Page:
A funny thing happened on the way to figuring how to get President Obama not to sign HR 347. Yesterday late afternoon, I was on an urgent national conference call to discuss how to stop the bill. HR 347 is a bill that was passed with lightening speed with almost no opposition just recently by the Senate and House.
During the call, we were told that the bill is on President Obama’s desk and that he had until March 12th to sign it or veto it. This national phone connect was a “call to action” against the bill.
The bill has been nicknamed the “anti-Occupy Wall Street” bill, the “No Trespass” bill, the “end of dissent” law, and various other terms to describe its potential draconian effects on protest and dissent in America. It authorizes restricted zones where all protest is banned in and around government buildings and facilities, and bans protest around those receiving Secret Service protection. It does more and I’ve included its text – scroll down. “It kills protest around these people,” a moderator flatly stated at the beginning of the call.
So, a funny thing happened while on this conference call to urgently figure out what we could to prevent Obama from signing it. After all, he was a constitutional law professor before he became a politician.
During the conference call, a woman broke in, and said: “I have some very bad news. Obama signed this bill – HR 347 – today. He signed it today.” Today – March 8th – International Women’s Day. The bill was law.
This depressing news set us all back and changed the tenor and attitudes expressed over this national network of activists.
On the phone we had folks from Georgia, Connecticut, New York, DC, Salem Oregon, southern Massachusetts, Minnesota, Detroit, Dallas, Oakland, Indiana … and San Diego, of course. Most of those hooked up to this line were or are involved with the Occupy movement, and in fact, the call had been set up by Occupy activists in Washington, DC – (including San Diego’s own Michael B. – whose voice I recognized 3,000 miles away).
The earlier urgency we had all expressed evaporated. In its place was exasperation and despair. But for many on the phone call, their determination remained. So, it wasn’t really a “funny thing” that had happened – no, more like a devastating thing had happened – but it sure was ironic.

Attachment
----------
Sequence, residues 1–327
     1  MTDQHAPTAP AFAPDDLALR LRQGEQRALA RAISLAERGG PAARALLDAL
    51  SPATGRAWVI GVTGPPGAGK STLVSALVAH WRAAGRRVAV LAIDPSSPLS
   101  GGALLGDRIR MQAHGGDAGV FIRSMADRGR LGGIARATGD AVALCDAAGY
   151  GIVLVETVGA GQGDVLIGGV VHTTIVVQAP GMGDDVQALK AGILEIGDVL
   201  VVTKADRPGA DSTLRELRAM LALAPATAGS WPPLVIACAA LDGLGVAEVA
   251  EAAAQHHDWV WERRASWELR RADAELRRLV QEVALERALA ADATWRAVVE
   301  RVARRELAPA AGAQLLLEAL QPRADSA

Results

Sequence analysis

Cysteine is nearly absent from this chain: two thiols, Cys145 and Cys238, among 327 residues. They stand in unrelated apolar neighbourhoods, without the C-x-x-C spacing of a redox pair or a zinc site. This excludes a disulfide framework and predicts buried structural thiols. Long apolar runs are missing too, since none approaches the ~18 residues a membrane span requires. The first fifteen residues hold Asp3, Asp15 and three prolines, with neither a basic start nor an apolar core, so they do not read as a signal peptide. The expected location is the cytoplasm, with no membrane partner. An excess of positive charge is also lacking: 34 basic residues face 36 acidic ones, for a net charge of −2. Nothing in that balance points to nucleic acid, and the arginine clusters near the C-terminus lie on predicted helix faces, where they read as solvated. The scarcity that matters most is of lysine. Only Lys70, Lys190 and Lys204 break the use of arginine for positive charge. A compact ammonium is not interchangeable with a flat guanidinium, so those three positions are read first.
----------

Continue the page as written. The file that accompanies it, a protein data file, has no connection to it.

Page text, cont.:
These points about HR 347 and its Senate companion SB were made. It severly curtails protests, and keeps us from protesting the very people who are responsible for putting the country where it’s at today. It’s restrictions apply to some government functions. It criminalizes protest around federal buildings and agencies – even those in a labor strike could be subject to criminal charges.
We were not certain when the bill actually goes into effect, but we believed that unless there was language in the bill itself about that – there isn’t any, the bill – now law – would go into effect on January 1, 2013. So, we had some time, someone noted, to think about what to do, to make plans – we had ten months to galvanize a reaction to it that would repeal it.
Because the Senate passed it with unanimous consent and there were only 3 “nay” votes in the House, there’s a challenging road ahead for those who wish to repeal it.
Still, troubling aspects of the new law are certainly disquieting. The signified “special events of national significance” could be the political party conventions coming up, or the Super Bowl. People could be banned from protesting any government or quasi-government function that the Department of Homeland Security decides upon.
Plus, protesters could be arrested in these restricted zones even if they didn’t know it was a crime to be there. If convicted of being in a restricted zone, you’d get a misdemeanor – but it would be a felony if there was some kind of weapon – would a Swiss Army knife do the trick? – or if there were injuries … The felony conviction calls for up to 10 years of imprisonment – certainly a chill on dissent.